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Three things Ethiopia PM told delegates at ruling coalition congress

Ethiopia’s prime minister Abiy Ahmed made an impassioned appeal for democratic reforms that he has championed since taking office in April, telling members of the ruling coalition to back ‘bold ideas that matter most to the people’.

Abiy, was addressing about 1,000 delegates at the three-day congress of the ruling Ethiopia People Revolutionary Democratic Front (EPRDF), which is being held for the first time since 2015.

Abiy, took office on April 2, following the resignation of his predecessor Hailemariam Desalegn, who succumbed to two years of anti-government protests and calls for democratic reforms.

“If we want to pass a prosperous nation to the next generation, we should join hands regardless of race, ethnicity, and religion as well as avoid robbery and political sabotage,”.

Upon taking office Abiy, a long-time member of the EPRDF who casts himself as a reformer in touch with the people, acknowledged state wrongdoing, particularly by security forces.

Despite winning praise for the pace and boldness, rising internal insecurity has marred his tenure as inter-ethnic violence continues to cause deaths, destruction of property and mass displacements.

Below are three key themes addressed by Abiy in his speech to the EPRDF congress on Wednesday.

Reforms and succession

Highlighting the fact that the 11th congress was taking place at a historical time when ‘we are into a course of change’, Abiy said the reforms initiated by the ruling coalition would ‘begin and not end life’.

‘‘The ideas for political reform are initiated by EPRDF and will be sustained if the party generates and guides bold ideas that matter most to the people,’‘ Abiy said in the southern city of Hawassa.

The Tigrayan People’s Liberation Front, an ethnic Tigrayan movement that had dominated the EPRDF until Abiy’s rise and led the fight against Mengistu, initially warned against making concessions to Eritrea.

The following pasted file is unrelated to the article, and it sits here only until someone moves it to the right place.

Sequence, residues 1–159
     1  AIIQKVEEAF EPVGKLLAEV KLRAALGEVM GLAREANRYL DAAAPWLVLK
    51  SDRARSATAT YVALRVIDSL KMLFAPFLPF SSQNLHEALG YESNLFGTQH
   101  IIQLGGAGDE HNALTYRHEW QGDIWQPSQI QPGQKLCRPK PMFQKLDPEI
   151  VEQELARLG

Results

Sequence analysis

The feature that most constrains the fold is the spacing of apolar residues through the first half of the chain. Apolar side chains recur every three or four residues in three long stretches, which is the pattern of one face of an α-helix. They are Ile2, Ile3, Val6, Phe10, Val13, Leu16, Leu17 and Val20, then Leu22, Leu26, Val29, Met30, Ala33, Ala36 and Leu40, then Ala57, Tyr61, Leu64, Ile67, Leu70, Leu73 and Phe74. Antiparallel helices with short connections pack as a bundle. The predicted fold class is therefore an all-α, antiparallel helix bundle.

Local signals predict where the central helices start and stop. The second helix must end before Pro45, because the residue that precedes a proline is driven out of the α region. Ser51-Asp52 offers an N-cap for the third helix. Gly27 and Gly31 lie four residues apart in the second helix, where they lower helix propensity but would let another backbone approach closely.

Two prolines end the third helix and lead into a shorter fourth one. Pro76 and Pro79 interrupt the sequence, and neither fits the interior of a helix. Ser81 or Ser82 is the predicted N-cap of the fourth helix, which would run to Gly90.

According to Abiy, the reforms would be sustained by integrating young and experienced leaders.

“A political culture that discourages the past achievements of our predecessors and negate the efforts of the previous generation need to stop,’‘ cautioned Abiy.

Federalism vs ethnic identity

Abiy then addressed the issue of inter-ethnic violence that is threatening to undo gains of ongoing reforms.

“A federal form of government is a preferred option in Ethiopia as long as we don’t confuse regional arrangements with ethnic identity,’‘Abiy said.

‘‘Each regional administrative unit should serve all citizens with respect and without discrimination.”

Ethnically charged violence has escalated since Abiy, was appointed prime minister, including in his own native Oromiya region where protesters first took to the streets in 2015 over perceived marginalisation by the state.

“If we are see a developed Ethiopia, we should not commit violence on the basis of ethnicity or religion,” he said.

Last week, more than 70,000 people, mostly ethnic Oromos – were targeted by members of other groups in the western state of Benishangul-Gumuz, regional officials said.

Unemployment, governance and freedom

Abiy indicated in his speech that he would scale up the process of widening the political space, saying ‘we are at a juncture where we could make new history.

While the three day congress is expected to debate and pass resolutions on the ongoing reforms, Abiy told the delegates to focus on tackling unemployment and governance challenges.

“If we want to pass a prosperous nation to the next generation, we should join hands regardless of race, ethnicity, and religion as well as avoid robbery and political sabotage,” the prime minister said.

He stressed the importance of guaranteeing freedom of movement and rights of people to work anywhere in the country.

The congress is also being attended by several affiliate organisations of the ruling coalition, including political parties and invited guests from outside the country.

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